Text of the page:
photoWhen future generations boldly go where no man has gone before, they will likely receive a boost from Ed Luke.

An associate professor in computer science, Luke has spent nearly 15 years developing and expanding Loci, a high performance computing framework that helps engineers build predictive models. Most recently, he has been awarded part of a $2.2 million grant to help NASA design a spacecraft capable of carrying humans deeper into space.

Announced in January, the new project will use Loci-CHEM, a fluid modeling expansion of the basic framework, to study the turbulent mixing of chemicals that occurs when a space-bound vehicle is launched.

“Launches involve a violent mixing of materials, which can be very hard to accurately model,” Luke said. “Our work will focus on developing algorithms to make that modeling possible.”

Luke developed Loci while at Mississippi State earning a doctoral degree in a program that combines engineering, applied mathematics and computer science. He said it was this multidisciplinary training that helped him develop the tool.

“Sometimes, if you have an engineer, a computer scientist and a mathematician in the same room, they can be talking about the same thing and not realize it because they aren’t speaking the same language,” Luke said. “Each of these areas is rich with computational problems and solutions and, by combining knowledge from each, you can get tools like Loci.”

Deriving its name from locus, the mathematical concept on which it’s based, the Loci framework provides a way to input data so that the computer can assemble it to create a model and provide proof that the result is logically consistent.

“It’s a logic-based system. You give it a lot of different information—sort of mathematical relations—and it finds the model that satisfies them all,” Luke said. “Basically, it’s a code for building codes, so that the user doesn’t have to worry about the high performance computing issues or complex computational problems.”

Loci uses principles from artificial intelligence, which allow it to assemble models using logical inferences from two things. First, it maintains a rule database that describes how to make inferences about model variables. Second, it maintains a database of facts known by the user. The system can inspect those facts and rules to assemble the model or simulation that satisfies a goal requested by the user.

The system is designed in such a way to not accept ambiguity. Luke explained that, sometimes unknown to the user, similar programs can produce results that should not be trusted. Loci, however, will simply not run if it detects logical inconsistencies.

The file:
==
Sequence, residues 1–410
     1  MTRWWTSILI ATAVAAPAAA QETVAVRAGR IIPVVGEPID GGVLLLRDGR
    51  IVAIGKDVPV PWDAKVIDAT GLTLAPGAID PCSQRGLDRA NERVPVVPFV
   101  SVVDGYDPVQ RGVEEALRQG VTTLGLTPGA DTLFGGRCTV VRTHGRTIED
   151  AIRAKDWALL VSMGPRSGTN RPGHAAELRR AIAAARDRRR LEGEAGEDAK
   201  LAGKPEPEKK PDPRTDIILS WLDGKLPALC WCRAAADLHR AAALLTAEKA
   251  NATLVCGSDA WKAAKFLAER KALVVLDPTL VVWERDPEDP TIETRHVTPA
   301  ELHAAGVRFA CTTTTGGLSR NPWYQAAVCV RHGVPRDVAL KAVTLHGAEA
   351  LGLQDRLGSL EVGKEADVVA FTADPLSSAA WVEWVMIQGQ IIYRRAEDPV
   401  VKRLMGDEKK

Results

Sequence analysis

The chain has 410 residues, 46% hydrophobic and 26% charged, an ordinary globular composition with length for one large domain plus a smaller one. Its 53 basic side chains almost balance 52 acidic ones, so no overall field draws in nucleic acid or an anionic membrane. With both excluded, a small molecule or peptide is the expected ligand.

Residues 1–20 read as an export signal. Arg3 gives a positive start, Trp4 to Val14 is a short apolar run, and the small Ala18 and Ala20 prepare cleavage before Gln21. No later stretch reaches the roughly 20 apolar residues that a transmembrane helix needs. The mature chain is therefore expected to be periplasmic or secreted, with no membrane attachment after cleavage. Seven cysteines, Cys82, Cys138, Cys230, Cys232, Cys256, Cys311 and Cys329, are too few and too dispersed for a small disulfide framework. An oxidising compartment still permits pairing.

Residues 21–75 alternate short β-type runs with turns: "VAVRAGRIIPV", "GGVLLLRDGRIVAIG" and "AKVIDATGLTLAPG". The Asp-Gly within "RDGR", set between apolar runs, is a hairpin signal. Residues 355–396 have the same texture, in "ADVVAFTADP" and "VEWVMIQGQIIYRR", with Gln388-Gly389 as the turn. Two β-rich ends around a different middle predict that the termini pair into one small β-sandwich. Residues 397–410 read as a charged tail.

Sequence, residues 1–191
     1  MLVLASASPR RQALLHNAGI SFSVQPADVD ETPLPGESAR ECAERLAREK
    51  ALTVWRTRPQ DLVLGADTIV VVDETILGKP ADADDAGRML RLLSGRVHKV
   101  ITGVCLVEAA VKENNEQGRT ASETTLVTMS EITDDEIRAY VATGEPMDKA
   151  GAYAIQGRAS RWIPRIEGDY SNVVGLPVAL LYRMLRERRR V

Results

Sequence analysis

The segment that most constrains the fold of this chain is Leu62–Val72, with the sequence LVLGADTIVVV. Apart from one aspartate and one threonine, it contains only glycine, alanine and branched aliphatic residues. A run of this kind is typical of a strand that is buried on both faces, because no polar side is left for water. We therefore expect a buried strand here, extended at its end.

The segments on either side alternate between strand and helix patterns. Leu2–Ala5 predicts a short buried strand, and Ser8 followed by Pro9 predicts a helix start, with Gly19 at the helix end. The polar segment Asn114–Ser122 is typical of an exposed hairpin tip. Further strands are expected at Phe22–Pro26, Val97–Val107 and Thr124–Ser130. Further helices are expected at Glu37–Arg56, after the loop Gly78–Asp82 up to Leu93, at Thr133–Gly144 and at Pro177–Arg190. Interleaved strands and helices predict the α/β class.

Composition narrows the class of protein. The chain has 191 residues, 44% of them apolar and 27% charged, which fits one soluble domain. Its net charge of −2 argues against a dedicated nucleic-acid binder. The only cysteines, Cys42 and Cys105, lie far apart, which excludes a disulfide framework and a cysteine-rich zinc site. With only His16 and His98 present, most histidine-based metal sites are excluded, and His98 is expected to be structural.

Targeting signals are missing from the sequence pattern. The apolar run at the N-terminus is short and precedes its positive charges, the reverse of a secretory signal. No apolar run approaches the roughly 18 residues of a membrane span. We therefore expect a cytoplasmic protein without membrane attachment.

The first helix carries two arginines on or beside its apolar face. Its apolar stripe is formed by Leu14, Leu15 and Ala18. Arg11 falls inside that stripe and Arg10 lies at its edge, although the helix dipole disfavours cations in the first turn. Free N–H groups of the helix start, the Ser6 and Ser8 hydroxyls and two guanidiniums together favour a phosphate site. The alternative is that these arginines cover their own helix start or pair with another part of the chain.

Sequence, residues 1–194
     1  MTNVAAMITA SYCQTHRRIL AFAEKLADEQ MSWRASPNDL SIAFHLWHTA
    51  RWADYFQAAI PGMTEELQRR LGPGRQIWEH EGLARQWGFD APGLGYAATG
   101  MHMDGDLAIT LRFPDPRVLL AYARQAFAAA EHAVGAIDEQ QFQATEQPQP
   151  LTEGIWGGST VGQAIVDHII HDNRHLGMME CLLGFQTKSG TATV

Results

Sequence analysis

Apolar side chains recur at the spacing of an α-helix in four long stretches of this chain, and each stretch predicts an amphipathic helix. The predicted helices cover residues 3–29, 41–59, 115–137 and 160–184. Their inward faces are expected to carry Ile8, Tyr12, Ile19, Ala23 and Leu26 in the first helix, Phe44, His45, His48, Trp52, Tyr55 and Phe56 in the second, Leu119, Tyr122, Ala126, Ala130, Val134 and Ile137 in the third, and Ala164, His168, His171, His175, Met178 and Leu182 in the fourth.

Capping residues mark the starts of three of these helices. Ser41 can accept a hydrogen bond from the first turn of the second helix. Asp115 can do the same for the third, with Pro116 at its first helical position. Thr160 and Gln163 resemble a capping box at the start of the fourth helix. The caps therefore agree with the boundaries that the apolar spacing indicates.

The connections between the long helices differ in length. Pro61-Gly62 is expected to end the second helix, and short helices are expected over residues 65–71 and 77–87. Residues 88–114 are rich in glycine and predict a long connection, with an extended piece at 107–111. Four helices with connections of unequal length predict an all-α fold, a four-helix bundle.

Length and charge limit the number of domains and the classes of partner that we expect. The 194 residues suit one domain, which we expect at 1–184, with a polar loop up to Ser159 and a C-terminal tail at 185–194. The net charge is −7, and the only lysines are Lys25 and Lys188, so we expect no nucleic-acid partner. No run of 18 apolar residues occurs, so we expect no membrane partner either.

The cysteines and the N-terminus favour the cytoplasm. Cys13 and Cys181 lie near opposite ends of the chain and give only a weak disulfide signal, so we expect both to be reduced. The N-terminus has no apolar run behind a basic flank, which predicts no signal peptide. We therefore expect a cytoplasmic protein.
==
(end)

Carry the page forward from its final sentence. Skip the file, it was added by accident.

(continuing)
“It wants every ‘i’ dotted and every ‘t’ crossed and if that doesn’t happen, it tells the user it cannot provide a meaningful answer,” Luke said. “That makes it much harder to make an accidental mistake.”

While initial funding for Loci came from the National Science Foundation, the project has received millions of dollars in grants over the years. The additional funding helps ensure continued advancement that includes expansions like Loci-CHEM and Loci-Blast, a system currently in development to model explosions such as those from roadside bombs.

“As time has gone by the range of uses has expanded,” Luke said. “A lot of NASA contractors have started using it, as has the Air Force and other government units.”

He continued, “Boeing actually used one of our Loci systems to evaluate the re-entry risks associated with a damaged tile on the space shuttle. They actually took pictures of the damage while it was in orbit and used Loci to construct a model of the damaged tile to simulate the effects of the damage on re-entry heating. This result was used to assess other models and help in the process of deciding if the shuttle would be able to return to Earth safely.”

As the list of companies, organizations and projects that have benefited from Loci keeps growing, Luke said he is confident more and more engineers will explore the potential uses of the program. He explained that it is distributed under an open source license to make it widely available and encourage application of the system to a more diverse range of problems.

“Having a tool like Loci is only part of the solution,” Luke said. “Like any computer simulation program, engineers have to know how to apply it and trust that its results are accurate. And as people continue to use it, it could become as ubiquitous as the older engineering methods we rely on today.”


2003 The Loci-CHEM tools were used extensively in analysis of the bipod ramp region of the external fuel tank to prepare the space shuttle for safely returning to space.

2008 Loci-CHEM models were used to understand the effects of the sky crane rocket motor plumes used to safely carry the Mars Curiosity rover to the planet’s surface.

2010 Boeing used Loci-CHEM in the in-flight analysis of heat shield performance after damage to orbiter tiles on space shuttle flight STS-134.

2012 Aerospace Corp. began using Loci-CHEM in the analysis of the Delta IV Heavy Rocket to understand anomalous plume deflagration on West Coast launches

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